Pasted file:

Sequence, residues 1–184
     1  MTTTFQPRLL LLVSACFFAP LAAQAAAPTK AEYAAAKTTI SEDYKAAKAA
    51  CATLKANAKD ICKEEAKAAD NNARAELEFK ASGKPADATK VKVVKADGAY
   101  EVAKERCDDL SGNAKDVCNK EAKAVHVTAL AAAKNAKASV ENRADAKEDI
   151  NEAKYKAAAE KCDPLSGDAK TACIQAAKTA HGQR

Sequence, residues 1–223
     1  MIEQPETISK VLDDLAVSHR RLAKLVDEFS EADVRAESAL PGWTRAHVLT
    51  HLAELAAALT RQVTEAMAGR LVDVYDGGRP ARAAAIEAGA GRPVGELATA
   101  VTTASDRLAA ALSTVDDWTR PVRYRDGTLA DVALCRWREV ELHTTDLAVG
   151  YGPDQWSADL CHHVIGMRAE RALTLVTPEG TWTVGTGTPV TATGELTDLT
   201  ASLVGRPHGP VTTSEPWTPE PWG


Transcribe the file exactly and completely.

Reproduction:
Sequence, residues 1–184
     1  MTTTFQPRLL LLVSACFFAP LAAQAAAPTK AEYAAAKTTI SEDYKAAKAA
    51  CATLKANAKD ICKEEAKAAD NNARAELEFK ASGKPADATK VKVVKADGAY
   101  EVAKERCDDL SGNAKDVCNK EAKAVHVTAL AAAKNAKASV ENRADAKEDI
   151  NEAKYKAAAE KCDPLSGDAK TACIQAAKTA HGQR

Sequence, residues 1–223
     1  MIEQPETISK VLDDLAVSHR RLAKLVDEFS EADVRAESAL PGWTRAHVLT
    51  HLAELAAALT RQVTEAMAGR LVDVYDGGRP ARAAAIEAGA GRPVGELATA
   101  VTTASDRLAA ALSTVDDWTR PVRYRDGTLA DVALCRWREV ELHTTDLAVG
   151  YGPDQWSADL CHHVIGMRAE RALTLVTPEG TWTVGTGTPV TATGELTDLT
   201  ASLVGRPHGP VTTSEPWTPE PWG